should be viewed as elliptical. This is demonstrated by the unmistak-

able attributing of resurrection to the Son of Man in vv 28-29. It is

further supported by the fact that life would not be given to those not

raised. This is a remarkable and noteworthy claim.

            It is in the third "truly, truly" statement, however, that the more

extended statements are found. Herein he makes two distinct yet

complementary assertions about resurrection. The first relates to the

"already" and anticipates the "not yet," while the second forecasts the

"not yet" with more specificity.

            Currently, during Jesus' earthly ministry ("now"), the dead heard

the voice of the Son of God and those who heard lived (25). The

traditional wisdom on this statement is that this is an extension of the

statement of v 24 about passing out of death into spirituallife.46 This


            46 Out of over 25 commentators on this verse consulted, all but two, including this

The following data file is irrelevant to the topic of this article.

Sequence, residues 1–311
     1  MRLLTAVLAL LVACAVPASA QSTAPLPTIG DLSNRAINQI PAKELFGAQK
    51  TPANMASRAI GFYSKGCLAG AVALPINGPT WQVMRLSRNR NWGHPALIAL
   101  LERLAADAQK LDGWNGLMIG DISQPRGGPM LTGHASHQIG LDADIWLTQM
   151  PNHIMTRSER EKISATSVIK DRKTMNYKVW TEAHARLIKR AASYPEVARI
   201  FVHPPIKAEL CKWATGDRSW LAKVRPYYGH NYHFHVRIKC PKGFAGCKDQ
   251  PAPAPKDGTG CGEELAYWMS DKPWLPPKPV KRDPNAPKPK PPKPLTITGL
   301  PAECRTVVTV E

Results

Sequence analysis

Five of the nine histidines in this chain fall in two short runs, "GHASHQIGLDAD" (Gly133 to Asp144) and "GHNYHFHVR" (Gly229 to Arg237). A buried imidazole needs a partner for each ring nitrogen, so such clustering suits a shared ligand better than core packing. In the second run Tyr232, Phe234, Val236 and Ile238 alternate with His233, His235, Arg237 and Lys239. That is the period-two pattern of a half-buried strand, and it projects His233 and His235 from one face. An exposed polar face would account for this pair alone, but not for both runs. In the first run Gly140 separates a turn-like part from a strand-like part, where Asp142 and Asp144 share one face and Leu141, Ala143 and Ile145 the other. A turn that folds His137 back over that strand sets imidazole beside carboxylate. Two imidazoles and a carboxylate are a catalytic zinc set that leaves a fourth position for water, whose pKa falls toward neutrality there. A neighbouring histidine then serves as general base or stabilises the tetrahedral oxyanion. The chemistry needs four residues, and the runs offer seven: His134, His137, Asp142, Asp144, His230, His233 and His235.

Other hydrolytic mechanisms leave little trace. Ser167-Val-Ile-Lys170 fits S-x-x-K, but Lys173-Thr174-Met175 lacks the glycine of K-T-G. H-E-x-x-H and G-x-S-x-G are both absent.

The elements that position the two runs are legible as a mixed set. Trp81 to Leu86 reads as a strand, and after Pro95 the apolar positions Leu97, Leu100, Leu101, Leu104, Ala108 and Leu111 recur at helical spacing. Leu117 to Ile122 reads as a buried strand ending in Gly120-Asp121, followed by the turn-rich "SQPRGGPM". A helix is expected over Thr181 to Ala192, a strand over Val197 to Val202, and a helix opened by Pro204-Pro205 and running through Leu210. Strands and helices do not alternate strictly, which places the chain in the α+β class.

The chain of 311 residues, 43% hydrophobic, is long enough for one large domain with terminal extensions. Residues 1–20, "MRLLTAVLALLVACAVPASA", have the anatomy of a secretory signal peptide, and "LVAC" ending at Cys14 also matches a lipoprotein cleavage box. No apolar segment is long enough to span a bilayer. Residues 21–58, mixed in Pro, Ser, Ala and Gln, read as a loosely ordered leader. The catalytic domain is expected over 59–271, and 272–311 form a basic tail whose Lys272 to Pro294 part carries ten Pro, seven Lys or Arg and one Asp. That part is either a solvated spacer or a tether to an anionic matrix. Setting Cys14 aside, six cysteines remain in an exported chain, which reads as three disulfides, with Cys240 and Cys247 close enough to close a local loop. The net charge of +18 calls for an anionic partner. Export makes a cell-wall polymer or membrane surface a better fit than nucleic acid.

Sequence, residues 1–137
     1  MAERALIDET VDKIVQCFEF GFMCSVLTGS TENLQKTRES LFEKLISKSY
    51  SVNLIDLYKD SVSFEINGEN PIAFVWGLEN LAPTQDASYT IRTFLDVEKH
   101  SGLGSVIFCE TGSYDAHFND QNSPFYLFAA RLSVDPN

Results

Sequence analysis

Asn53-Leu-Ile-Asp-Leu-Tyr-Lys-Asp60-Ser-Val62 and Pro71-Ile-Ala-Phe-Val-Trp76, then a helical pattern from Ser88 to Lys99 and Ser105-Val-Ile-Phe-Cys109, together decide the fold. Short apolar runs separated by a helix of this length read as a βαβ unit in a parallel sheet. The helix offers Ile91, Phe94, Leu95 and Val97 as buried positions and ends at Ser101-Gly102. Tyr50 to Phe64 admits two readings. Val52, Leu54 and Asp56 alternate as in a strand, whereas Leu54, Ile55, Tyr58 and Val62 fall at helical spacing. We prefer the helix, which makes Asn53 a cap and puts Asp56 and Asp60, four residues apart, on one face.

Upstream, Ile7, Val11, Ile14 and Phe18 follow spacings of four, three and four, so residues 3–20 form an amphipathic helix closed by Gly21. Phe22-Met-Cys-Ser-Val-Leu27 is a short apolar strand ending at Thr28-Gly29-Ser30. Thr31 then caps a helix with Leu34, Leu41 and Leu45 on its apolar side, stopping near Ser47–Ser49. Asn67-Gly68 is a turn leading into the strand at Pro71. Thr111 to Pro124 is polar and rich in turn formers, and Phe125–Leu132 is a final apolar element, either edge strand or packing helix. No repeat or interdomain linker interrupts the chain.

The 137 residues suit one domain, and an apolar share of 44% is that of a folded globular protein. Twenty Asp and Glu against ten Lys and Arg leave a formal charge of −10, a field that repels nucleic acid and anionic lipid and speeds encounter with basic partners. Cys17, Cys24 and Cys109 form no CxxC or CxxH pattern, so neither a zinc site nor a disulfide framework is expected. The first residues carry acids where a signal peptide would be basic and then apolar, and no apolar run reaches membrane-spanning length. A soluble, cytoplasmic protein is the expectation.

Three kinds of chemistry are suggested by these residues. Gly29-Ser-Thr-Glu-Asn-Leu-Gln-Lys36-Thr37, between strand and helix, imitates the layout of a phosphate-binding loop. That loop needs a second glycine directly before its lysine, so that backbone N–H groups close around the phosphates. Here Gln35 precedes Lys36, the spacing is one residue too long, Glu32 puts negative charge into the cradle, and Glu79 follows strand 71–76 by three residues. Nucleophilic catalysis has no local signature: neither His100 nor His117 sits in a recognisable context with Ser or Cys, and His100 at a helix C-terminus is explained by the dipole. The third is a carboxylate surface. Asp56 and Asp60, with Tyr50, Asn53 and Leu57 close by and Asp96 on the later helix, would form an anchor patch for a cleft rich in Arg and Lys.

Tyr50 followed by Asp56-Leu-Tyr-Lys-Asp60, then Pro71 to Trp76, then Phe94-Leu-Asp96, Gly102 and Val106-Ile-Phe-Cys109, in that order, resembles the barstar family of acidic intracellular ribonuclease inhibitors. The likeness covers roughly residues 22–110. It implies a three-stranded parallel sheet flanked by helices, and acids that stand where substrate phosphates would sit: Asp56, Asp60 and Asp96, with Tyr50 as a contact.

writer himself, have stated in print that this is a reference to spiritual death and spiritual




interpretation is based upon 1) the fact that "life" and "death" in v 24

are spiritual quantities and the assumption that v 25 merely extends

this truth in spiritual resurrection language; and, 2) the presence of

"and now is" in v 25 in contrast to its absence in v 28. It is generally

assumed that since physical resurrection is not going on "now" it is

patently obvious that it must be spiritual life/death in view.

            Only two commentators were found who even acknowledge the

possibility of an alternate explanation of the passage and neither of

them made an attempt to defend or champion it.47 This alternative

interpretation, which I would propose for serious consideration, is

that as with vv 28 and 29 so here physical resurrection is in view. This

proposal is supported by two lines of argument which, if sustaining,

lead to a third. 1) The use of "truly, truly" in both vv 24 and 25 argues

for some shift in subject matter. L. Morris acknowledges that these

words seem "to indicate a new start,"48 although he does not follow

through on this line of thought. If the "truly, truly" of v 19 introduces

a set of eschatological subjects (resurrection, life-giving, judgment--

vv 19-23), and if the "truly, truly" of v 24 relates these items to the

spiritual realm ("eternal life"), then the "truly, truly" of v 25 may be